If you are using iConstruct and you wish to use the Navisworks clash group data downstream, you may wish to preserve existing clash groups at each subsequent clash run, and only group the ‘new ungrouped’ clashes. The bim42 Group Clashes tool has a tickbox for this, and iConstruct 2019 provides a filter. If you are using iConstruct 2018 or older, you may be wondering how to preserve existing clash groups and only “push” the grouping rules for clashes that are currently not grouped.
Run the Clash Manager from iConstruct
Find the list entry without a name
iConstruct 2019 has a filter for “Show Ungrouped Clashes”
iConstruct 2018 – select only the ‘unnamed’ Clash Group: ,
Then click “Create Clash Detective Group”
iConstruct will immediately create the relevant groups from only the ungrouped clashes
You can then go ahead and Sync to Revizto, or use the data downstream in some other workflow
Here’s a video from Robert Gadbaw that clearly demonstrates this workflow:
This workflow will allow you to use iConstruct to group your clashes, and preserve those groups when Syncing with Revizto. Revizto has a very solid and customisable connection to Navisworks that includes the ability to sync the clash results with Revizto Issues in both directions.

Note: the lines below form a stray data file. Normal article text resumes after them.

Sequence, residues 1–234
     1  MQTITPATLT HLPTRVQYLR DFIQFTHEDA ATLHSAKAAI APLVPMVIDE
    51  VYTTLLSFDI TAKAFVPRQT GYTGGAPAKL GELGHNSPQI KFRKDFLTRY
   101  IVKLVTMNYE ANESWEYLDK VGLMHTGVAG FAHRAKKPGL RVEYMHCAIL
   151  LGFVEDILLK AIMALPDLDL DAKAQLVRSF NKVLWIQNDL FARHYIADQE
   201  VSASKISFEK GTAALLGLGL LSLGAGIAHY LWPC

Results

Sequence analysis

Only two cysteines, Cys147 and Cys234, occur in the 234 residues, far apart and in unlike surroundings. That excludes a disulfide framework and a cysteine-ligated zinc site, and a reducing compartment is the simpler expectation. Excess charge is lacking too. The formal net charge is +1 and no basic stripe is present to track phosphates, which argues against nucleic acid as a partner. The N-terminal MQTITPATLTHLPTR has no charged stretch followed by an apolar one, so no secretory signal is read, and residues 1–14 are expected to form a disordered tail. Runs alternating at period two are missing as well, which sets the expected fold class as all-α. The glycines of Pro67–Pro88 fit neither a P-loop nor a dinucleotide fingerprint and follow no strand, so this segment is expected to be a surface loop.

I’m sure you are aware that intellectually Revit shared coordinates take minutes to explain, but emotionally they take years to master 🙂
I’ve been looking for a way to check and validate coordinates using the Revit API. One method I implemented in VirtualBuiltApp is to gather Grid Intersection coordinates and compare those, but obviously you need a federated model with links to achieve that comparison.
One interesting fact to note is this:
two Revit models can Report functionally identical shared coordinates (same translation and true north rotation), and you can still receive “The host model and the link do not share the same coordinate system. Default center-to-center positioning will be used”.hashtag sadface, hashtag why-revit-why
If we put this another way:
if two models don’t have some related history (created from the same file), or
if Acquire or Publish Coordinates has not occurred between those models, then
the Shared Coordinate error will appear — even if they report identical Spot Coordinates and True North Rotation
If you are wondering what the Revit API actually does support in terms of Shared Coordinate setup and validation, here is the best bit of Revit API Shared Coordinates information I can share: